The moment I read it, I thought I could just hear Margaret Hodge sighing– Richard Murphy
Vodafone said that critics failed to understand the complexities of the tax system, and said: “tax law is often unclear and subject to a broad range of interpretations”. The statement pointed to the £1bn of investment in the UK and to the £600m a year of UK borrowings, which can be claimed for tax relief.
The statement also made the defence that corporation tax is made on profit, not revenue, and said that the UK was “one of the least-profitable mobile markets anywhere in the world”.
Vodafone has come under scrutiny before for its payment (or lack) of UK tax. It was targeted by UK Uncut in 2010 and was locked in a legal dispute with HMRC over its lack of tax. Vodafone paid a £1.25bn settlement, but did not acknowledge wrongdoing.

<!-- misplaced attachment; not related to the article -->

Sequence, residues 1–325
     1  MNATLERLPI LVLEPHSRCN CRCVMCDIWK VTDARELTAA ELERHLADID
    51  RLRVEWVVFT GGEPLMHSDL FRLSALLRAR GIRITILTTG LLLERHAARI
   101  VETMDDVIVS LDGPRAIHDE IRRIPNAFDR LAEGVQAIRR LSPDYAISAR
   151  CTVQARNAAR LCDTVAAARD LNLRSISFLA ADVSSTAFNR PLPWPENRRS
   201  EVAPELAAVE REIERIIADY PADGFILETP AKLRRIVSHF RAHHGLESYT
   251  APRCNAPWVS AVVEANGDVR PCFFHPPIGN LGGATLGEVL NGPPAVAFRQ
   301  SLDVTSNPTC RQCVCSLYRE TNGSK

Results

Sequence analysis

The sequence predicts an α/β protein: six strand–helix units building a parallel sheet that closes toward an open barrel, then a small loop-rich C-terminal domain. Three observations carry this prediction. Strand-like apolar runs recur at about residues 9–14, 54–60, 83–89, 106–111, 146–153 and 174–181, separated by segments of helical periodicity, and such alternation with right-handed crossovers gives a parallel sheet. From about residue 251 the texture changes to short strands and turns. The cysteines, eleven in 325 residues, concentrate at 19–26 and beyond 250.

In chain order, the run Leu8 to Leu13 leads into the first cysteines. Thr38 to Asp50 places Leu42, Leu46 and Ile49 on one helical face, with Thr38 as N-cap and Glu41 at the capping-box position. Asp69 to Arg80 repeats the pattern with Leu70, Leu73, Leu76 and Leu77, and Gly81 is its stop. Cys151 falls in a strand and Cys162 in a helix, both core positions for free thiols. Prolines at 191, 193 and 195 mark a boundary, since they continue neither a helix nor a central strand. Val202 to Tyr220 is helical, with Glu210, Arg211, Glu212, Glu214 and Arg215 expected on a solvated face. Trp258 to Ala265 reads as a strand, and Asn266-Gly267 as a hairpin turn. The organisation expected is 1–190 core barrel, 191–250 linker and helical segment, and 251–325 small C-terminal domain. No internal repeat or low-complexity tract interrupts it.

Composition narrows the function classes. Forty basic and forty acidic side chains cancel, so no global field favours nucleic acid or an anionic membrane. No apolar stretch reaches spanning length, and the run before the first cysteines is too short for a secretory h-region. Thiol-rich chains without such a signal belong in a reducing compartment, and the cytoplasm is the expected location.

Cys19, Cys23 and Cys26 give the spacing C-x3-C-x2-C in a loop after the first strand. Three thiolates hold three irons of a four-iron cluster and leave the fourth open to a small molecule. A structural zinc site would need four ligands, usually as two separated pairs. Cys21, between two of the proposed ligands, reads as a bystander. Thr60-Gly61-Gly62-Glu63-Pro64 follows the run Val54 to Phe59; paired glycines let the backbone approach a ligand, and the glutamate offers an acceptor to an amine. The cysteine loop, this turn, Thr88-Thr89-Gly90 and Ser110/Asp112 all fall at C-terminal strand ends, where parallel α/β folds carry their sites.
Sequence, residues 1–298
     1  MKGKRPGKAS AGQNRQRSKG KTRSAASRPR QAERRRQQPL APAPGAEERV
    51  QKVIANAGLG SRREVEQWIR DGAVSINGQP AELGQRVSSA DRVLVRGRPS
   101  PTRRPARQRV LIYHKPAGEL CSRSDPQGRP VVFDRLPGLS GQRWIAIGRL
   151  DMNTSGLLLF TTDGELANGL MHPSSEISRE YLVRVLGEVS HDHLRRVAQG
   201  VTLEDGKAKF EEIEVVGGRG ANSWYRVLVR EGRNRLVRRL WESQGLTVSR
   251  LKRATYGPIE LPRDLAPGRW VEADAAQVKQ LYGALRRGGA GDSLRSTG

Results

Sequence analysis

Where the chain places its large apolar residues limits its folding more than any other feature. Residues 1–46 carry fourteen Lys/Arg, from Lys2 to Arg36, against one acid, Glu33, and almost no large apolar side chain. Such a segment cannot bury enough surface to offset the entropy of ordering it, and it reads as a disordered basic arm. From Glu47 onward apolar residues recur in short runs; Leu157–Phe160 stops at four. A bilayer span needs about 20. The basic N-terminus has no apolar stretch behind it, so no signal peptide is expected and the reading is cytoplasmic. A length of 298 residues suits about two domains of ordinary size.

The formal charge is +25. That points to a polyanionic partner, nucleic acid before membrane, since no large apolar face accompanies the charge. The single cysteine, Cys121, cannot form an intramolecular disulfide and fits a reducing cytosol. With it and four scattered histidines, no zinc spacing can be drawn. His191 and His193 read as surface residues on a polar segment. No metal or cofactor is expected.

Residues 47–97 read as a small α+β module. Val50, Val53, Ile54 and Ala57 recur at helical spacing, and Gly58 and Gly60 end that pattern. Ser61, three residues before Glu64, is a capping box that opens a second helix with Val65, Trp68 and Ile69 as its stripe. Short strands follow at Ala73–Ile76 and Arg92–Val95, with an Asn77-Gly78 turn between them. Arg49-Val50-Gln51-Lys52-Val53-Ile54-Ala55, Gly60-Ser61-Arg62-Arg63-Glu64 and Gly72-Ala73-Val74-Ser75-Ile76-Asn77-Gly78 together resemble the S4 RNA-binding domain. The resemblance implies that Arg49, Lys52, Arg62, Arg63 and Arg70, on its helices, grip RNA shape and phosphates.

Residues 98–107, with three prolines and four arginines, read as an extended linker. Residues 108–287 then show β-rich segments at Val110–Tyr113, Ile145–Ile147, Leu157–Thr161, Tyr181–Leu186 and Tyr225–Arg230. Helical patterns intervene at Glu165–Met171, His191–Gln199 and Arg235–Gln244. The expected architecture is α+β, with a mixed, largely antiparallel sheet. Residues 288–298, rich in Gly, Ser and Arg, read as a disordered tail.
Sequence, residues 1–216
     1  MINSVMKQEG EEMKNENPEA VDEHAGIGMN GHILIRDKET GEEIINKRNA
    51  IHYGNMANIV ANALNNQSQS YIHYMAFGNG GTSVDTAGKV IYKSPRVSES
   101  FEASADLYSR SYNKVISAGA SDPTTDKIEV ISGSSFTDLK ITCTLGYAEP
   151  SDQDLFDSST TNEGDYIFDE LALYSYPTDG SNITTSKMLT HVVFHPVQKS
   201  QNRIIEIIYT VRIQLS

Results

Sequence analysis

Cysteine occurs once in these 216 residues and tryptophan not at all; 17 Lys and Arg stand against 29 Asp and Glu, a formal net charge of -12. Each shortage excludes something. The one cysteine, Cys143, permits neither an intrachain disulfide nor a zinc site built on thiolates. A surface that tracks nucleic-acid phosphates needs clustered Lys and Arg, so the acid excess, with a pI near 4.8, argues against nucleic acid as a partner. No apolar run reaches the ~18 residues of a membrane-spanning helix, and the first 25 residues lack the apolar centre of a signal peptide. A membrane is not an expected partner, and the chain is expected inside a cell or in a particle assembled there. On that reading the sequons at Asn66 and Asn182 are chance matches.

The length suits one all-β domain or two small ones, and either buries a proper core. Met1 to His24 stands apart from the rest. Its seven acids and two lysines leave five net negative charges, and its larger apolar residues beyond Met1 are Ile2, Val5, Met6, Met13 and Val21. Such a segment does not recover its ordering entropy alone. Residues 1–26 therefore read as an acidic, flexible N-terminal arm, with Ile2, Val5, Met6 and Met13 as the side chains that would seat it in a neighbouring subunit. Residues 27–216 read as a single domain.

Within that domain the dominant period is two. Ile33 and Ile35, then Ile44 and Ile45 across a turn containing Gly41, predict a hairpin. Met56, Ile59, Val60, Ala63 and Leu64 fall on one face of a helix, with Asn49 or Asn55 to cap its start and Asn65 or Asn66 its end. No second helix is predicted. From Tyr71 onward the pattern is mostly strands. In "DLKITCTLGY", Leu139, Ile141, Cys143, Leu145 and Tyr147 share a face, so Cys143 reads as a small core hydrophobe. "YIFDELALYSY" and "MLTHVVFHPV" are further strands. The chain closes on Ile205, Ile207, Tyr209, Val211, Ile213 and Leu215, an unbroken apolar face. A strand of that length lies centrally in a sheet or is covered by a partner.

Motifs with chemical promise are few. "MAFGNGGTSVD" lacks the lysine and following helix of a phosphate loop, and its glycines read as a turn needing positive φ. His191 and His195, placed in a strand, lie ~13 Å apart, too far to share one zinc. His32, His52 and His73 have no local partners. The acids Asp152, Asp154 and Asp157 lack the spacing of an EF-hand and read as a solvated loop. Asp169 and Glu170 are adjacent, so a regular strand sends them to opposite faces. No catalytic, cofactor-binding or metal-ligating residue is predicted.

The company’s lengthy statement on its financial affairs is an attempt at transparency, and it is one of the first companies to publish such a detailed list of its tax affairs on a country-by-country basis.
However accountant and tax campaigner Richard Murphy said the 3,654 word statement was purely “smoke and mirrors”, and was “patronising” to the British public in leaving out crucial information – including profits.
“Without knowing what the profit is, Vodafone is giving us an incomplete view, or at least, a very selective view,” he told Channel 4 News.
“Alistair Campbell would be proud – this is pure spin.”
He added: “They have written very long excuse for their behaviour. The moment I read it, I thought I could just hear Margaret Hodge (chairman of the public accounts committee) sighing.”